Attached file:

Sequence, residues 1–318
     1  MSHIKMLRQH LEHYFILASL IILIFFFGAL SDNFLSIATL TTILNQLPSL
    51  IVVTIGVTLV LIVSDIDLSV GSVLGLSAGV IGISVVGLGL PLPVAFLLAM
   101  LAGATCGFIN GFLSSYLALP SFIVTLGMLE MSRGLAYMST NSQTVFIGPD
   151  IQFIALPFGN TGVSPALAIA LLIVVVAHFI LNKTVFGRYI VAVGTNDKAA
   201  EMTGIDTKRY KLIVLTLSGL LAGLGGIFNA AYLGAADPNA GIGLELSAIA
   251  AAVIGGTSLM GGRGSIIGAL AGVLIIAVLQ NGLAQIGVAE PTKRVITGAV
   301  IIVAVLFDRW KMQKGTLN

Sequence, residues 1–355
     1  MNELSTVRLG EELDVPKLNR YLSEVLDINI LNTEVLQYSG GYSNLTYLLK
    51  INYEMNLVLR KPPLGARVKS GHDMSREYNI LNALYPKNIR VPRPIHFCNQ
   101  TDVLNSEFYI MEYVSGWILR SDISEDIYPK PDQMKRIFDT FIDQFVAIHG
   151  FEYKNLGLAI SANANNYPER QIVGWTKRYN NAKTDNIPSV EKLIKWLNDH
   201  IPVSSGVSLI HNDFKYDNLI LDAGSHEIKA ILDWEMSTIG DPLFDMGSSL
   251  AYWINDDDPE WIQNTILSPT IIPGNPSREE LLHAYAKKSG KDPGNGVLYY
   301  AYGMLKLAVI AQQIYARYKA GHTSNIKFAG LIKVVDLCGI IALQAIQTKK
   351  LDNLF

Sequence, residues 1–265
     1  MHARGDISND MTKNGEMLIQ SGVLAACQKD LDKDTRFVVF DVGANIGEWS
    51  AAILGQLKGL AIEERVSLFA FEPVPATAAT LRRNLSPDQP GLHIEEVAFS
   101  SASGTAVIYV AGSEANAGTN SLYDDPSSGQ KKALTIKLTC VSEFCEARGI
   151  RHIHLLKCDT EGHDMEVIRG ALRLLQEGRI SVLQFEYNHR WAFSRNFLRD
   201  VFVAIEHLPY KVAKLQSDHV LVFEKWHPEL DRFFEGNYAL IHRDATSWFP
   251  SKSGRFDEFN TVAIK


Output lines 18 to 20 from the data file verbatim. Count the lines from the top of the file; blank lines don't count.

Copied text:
Sequence, residues 1–265
     1  MHARGDISND MTKNGEMLIQ SGVLAACQKD LDKDTRFVVF DVGANIGEWS
    51  AAILGQLKGL AIEERVSLFA FEPVPATAAT LRRNLSPDQP GLHIEEVAFS